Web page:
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Horror

Being outshone is never fun. That was unfortunately the case for Resident Evil Zero when it was released the same year as the acclaimed Resident Evil remake. Having to follow up the latter’s success, especially when taking into account that RE0 was in development for far longer than the remake, it seemed that the prequel faced an insurmountable task. The game still sold well, but 20 years later, it would seem that Resident Evil Zero has been left by the wayside by Capcom and its fans. But is that fair?

Resident Evil Zero takes place just prior to the start of Resident Evil, where the the Ecliptic Express, a train owned by Umbrella, comes under attack from a swarm of leeches. Two hours later, S.T.A.R.S. Bravo Team is sent via helicopter to investigate a series of cannibalistic murders in the Arklay Mountains outside of Raccoon City. However, en route to the Arklay Mountains, Bravo Team’s helicopter crashes, with officer Rebecca Chambers becoming separated from the rest of the team. She eventually comes across the Express, which is now eerily quiet. Entering the train, Rebecca soon finds herself locked inside, with the Express beginning to move. Further investigation reveals that the train is filled with zombies. Rebecca eventually encounters convicted murderer Billy Coen, who has recently escaped from the prison transport that was taking him to be executed. The duo must now work to together in order to stop the train, figure out what’s going on, and come out alive.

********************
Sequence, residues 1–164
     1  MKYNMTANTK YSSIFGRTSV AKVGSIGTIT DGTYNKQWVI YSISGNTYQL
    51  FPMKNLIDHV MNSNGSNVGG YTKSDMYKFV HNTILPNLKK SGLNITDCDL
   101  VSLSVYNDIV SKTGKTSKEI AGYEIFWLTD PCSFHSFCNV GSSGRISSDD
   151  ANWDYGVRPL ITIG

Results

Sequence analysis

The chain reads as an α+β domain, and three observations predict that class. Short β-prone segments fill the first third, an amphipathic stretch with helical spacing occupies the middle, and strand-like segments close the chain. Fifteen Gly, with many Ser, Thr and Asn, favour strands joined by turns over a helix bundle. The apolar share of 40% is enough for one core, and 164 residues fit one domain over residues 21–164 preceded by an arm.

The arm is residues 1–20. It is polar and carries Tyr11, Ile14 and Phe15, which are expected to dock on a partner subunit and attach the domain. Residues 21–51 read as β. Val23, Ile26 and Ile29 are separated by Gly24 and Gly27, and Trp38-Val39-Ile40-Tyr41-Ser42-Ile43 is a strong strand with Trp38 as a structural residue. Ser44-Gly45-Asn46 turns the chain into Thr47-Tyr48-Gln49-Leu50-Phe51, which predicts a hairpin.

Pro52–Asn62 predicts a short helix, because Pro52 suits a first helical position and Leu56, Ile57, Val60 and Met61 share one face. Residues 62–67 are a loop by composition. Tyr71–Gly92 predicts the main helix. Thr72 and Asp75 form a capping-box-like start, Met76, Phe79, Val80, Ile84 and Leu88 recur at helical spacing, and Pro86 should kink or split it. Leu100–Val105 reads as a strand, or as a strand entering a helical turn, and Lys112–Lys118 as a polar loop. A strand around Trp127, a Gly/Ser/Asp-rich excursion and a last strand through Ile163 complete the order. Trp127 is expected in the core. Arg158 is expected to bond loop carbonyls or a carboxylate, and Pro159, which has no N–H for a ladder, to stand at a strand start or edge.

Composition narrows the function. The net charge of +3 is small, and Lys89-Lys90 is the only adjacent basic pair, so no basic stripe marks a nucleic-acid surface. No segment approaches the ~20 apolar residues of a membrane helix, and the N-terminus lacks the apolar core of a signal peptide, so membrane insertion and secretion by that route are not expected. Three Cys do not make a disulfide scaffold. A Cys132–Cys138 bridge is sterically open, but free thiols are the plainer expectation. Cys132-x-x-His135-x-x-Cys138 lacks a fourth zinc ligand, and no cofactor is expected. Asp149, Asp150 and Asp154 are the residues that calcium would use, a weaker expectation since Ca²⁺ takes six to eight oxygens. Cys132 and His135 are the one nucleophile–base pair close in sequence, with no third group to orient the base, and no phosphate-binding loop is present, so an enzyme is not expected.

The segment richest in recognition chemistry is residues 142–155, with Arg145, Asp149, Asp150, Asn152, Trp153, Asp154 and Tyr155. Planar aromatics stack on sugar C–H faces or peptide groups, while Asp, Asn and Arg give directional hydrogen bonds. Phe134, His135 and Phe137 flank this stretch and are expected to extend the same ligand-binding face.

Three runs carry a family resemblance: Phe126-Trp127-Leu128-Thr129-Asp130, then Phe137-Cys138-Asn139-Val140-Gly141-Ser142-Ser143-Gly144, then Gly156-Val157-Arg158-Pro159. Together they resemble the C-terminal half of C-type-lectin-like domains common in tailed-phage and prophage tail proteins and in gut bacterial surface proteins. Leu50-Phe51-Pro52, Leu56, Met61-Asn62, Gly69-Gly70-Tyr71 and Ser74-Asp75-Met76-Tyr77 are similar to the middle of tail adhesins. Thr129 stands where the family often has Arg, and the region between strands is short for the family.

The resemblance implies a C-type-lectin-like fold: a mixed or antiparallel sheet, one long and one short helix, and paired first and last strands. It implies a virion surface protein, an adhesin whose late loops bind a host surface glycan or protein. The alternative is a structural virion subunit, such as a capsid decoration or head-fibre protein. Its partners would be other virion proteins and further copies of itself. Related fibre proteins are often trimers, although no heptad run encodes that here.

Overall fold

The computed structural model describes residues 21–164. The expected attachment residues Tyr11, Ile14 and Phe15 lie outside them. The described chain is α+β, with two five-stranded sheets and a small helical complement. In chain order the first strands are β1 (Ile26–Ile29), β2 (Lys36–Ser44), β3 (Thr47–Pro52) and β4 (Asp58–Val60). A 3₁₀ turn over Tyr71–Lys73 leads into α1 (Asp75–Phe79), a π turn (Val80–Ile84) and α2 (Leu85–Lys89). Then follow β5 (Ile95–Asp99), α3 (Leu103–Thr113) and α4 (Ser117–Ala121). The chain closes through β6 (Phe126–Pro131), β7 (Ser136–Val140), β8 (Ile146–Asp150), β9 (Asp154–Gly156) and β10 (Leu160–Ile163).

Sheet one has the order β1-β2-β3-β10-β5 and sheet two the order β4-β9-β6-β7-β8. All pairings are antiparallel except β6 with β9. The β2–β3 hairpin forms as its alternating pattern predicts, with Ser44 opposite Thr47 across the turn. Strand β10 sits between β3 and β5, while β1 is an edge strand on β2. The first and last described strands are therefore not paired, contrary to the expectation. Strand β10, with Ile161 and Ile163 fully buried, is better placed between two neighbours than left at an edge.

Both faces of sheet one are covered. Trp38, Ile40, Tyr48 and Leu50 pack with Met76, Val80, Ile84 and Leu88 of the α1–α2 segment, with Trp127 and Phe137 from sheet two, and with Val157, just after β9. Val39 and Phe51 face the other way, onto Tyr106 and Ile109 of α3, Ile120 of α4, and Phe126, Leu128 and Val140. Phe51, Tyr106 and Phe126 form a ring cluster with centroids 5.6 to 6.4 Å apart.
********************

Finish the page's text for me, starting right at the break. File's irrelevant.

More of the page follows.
Much like REmake, Zero made use of pre-rendered backgrounds, with effects layered on top to create a much more immersive atmosphere. Obviously, after the release of Code: Veronica, Capcom switched over to real-time 3D environments, making this technique immediately dated. That being said, the atmosphere in Zero still remained spooky, with well-detailed locations. And as with REmake, Capcom was able to pull off some nifty tricks in Zero, such as dynamic shadows and eerie reflections from things like puddles and windows. It’s all tied together by the soundtrack by Seiko Kobuchi, who created a sense of foreboding in the game when it’s present, and immediately ratchets up the tension when the soundtrack goes silent.

Gameplay-wise, Capcom tried to switch things up with Zero, starting with the implementation of the partner system. Seeing as Rebecca and Billy were in it together, the idea of swapping between the two characters during gameplay seemed logical, and was a fulfilment of a similar idea that Capcom had come up with during Resident Evil 2‘s development that was never implemented. Rebecca and Billy each have their own abilities, which requires you to rely on the system in order to progress.

You could also have your partner controlled by the AI in order to fight enemies alongside you, or break up the duo entirely to have them explore different sections of the train at the same time. You’d still need to call your partner back in order to solve some of Zero‘s puzzles, which introduced more risk to the tactic if you had to run past enemies at a certain point, leaving your partner to run into those same enemies.

As a further shake-up in the gameplay, the series’ iconic storage boxes were dropped. In their place was the ability for you to drop and leave items on the ground in order to pick them up later. You also now had two inventories to manage. And while the idea of using one character as a mule for your weapons and ammo seems nice, the reality is that Zero doesn’t quite let you do that (more on that later).

And yes, if you weren’t careful, you could metaphorically paint yourself into a corner with your saves by being stuck with not having enough firepower to make it through an area. Hence why the game gave you an option upon reloading a save to start from the beginning of the game. There’s some room for error, but eventually you learned how to play the game “the correct way”, using the partner system effectively with the game’s new mechanics regarding items.